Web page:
Thursday, February 02, 2017

Trade Is NOT Simple: Vietnam Spinning for China

Lyman Stone tweets, but has a day job, which includes this piece on cotton exports to Vietnam, which are part of a complex web of relationships among cotton-producing country, yarn spinning countries, yarn consuming countries (i.e. China) and multilateral trade agreements. 

Some curious facts:
  • spinning yarn and weaving cloth don't necessarily occur in the same country--I wonder why--the one is simpler than the other and easier to outsource? 
  • US cotton shipped in bales across the wide Pacific is competitive with cotton grown in India. Our growers are currently more efficient than Indian, so able to handle transport costs?
  • China used to have reserves of cotton but are now reducing or eliminating them. Wonder why--moving to less government intervention, if so, why?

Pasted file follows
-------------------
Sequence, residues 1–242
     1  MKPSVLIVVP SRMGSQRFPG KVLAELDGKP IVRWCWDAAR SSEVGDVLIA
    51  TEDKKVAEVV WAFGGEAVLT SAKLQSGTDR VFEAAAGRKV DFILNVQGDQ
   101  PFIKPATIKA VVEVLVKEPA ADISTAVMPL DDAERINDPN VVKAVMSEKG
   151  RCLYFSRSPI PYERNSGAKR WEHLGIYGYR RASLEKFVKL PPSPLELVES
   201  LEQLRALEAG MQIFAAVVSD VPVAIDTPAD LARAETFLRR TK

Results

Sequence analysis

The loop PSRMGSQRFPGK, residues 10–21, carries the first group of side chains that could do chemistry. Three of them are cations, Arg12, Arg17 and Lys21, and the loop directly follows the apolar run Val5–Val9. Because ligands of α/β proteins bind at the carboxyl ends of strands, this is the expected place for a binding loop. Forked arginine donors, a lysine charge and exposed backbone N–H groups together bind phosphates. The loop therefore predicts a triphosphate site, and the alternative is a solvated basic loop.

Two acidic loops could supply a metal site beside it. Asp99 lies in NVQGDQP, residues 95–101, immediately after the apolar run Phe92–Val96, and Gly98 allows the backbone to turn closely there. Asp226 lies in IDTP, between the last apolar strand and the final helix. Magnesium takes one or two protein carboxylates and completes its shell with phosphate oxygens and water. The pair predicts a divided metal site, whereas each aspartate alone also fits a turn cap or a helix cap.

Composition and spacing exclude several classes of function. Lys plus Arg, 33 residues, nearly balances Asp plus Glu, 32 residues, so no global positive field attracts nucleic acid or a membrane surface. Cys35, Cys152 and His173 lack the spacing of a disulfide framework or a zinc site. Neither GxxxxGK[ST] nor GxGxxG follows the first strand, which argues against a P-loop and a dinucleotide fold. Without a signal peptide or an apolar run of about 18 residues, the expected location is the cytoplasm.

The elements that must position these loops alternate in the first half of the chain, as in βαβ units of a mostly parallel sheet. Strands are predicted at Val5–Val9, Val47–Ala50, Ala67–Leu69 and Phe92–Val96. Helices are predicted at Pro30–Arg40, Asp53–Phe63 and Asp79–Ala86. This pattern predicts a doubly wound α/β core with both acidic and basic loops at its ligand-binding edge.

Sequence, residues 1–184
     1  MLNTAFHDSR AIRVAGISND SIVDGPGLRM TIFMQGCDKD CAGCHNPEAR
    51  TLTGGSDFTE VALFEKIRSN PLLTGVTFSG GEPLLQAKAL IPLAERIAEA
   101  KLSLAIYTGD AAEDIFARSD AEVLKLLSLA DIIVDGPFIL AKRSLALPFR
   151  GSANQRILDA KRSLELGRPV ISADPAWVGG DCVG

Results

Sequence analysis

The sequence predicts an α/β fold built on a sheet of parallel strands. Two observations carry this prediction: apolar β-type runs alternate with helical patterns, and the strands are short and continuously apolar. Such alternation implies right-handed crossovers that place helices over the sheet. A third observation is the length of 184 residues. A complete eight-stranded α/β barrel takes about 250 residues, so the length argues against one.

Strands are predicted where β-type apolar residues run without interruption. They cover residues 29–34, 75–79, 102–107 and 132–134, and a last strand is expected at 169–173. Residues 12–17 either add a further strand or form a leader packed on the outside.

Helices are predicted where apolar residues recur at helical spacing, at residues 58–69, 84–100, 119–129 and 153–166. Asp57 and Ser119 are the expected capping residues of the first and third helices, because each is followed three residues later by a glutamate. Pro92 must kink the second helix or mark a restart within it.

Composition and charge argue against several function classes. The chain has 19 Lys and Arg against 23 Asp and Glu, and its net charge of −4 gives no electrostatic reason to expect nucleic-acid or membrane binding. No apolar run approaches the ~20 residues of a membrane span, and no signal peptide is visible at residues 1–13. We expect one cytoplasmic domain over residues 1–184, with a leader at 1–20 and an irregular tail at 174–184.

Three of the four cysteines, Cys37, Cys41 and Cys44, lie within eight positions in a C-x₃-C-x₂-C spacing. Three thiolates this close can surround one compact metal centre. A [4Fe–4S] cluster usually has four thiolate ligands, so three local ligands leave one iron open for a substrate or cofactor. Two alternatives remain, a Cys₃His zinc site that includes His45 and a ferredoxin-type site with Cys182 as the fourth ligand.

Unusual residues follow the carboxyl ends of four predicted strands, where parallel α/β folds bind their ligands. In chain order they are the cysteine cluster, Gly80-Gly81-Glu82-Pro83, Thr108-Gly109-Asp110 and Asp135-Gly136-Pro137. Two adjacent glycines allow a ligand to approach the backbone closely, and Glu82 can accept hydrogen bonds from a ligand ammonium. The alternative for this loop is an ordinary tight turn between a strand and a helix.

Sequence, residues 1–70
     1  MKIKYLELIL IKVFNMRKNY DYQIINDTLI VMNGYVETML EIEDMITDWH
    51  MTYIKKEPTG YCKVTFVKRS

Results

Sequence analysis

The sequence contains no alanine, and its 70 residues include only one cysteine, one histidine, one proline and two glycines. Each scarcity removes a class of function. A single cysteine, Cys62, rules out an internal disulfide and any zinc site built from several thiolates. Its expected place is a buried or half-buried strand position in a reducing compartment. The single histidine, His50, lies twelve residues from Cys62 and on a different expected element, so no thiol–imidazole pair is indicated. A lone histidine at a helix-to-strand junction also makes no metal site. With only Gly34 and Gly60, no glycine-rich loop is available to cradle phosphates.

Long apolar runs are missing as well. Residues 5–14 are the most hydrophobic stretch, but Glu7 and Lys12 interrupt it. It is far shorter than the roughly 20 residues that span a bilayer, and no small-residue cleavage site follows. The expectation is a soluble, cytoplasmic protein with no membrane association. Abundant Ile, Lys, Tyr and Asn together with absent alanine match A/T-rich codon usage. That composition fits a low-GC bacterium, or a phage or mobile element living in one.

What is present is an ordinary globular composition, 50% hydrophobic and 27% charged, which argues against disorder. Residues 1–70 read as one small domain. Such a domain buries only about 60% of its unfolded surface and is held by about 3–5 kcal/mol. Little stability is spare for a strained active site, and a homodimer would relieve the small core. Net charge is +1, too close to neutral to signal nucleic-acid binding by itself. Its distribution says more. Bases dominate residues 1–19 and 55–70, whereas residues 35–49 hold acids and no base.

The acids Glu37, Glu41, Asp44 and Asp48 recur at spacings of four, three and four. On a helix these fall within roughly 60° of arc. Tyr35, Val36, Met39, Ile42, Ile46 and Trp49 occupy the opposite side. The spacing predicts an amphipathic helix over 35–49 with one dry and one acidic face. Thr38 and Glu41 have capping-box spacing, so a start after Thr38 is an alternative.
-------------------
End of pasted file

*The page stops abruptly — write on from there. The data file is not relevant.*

Stone's summary paragraph: "If duty-free access for yarn is driving increased spinning in Vietnam, then the China-ASEAN Free Trade Agreement could be pushing U.S. cotton exports higher.  Yarn spinning being shifted from producer-countries like India, Pakistan, Uzbekistan, and to some extent China, into duty-preferred importer countries like Vietnam bodes well for U.S. exports.  Because the China-ASEAN Free Trade Agreement does not require that raw cotton inputs be sourced within the area, U.S. exporters are able to derive an indirect benefit from China’s duty-free ASEAN access."

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